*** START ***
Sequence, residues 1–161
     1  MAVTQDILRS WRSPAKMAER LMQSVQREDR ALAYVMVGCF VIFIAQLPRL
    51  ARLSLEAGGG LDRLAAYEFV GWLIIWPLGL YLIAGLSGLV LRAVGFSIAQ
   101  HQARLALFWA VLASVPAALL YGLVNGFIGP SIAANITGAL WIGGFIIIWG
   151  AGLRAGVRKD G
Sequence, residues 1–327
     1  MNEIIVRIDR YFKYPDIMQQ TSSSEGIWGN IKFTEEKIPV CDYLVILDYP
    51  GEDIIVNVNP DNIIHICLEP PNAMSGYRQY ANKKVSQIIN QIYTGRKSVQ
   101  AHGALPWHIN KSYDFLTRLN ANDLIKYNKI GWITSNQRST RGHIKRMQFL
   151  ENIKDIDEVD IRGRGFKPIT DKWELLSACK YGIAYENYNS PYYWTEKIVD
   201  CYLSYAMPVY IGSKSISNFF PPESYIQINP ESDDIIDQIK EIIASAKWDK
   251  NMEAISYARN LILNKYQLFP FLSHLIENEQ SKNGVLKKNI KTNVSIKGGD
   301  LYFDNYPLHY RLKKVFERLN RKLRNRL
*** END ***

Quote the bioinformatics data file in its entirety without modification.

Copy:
Sequence, residues 1–161
     1  MAVTQDILRS WRSPAKMAER LMQSVQREDR ALAYVMVGCF VIFIAQLPRL
    51  ARLSLEAGGG LDRLAAYEFV GWLIIWPLGL YLIAGLSGLV LRAVGFSIAQ
   101  HQARLALFWA VLASVPAALL YGLVNGFIGP SIAANITGAL WIGGFIIIWG
   151  AGLRAGVRKD G
Sequence, residues 1–327
     1  MNEIIVRIDR YFKYPDIMQQ TSSSEGIWGN IKFTEEKIPV CDYLVILDYP
    51  GEDIIVNVNP DNIIHICLEP PNAMSGYRQY ANKKVSQIIN QIYTGRKSVQ
   101  AHGALPWHIN KSYDFLTRLN ANDLIKYNKI GWITSNQRST RGHIKRMQFL
   151  ENIKDIDEVD IRGRGFKPIT DKWELLSACK YGIAYENYNS PYYWTEKIVD
   201  CYLSYAMPVY IGSKSISNFF PPESYIQINP ESDDIIDQIK EIIASAKWDK
   251  NMEAISYARN LILNKYQLFP FLSHLIENEQ SKNGVLKKNI KTNVSIKGGD
   301  LYFDNYPLHY RLKKVFERLN RKLRNRL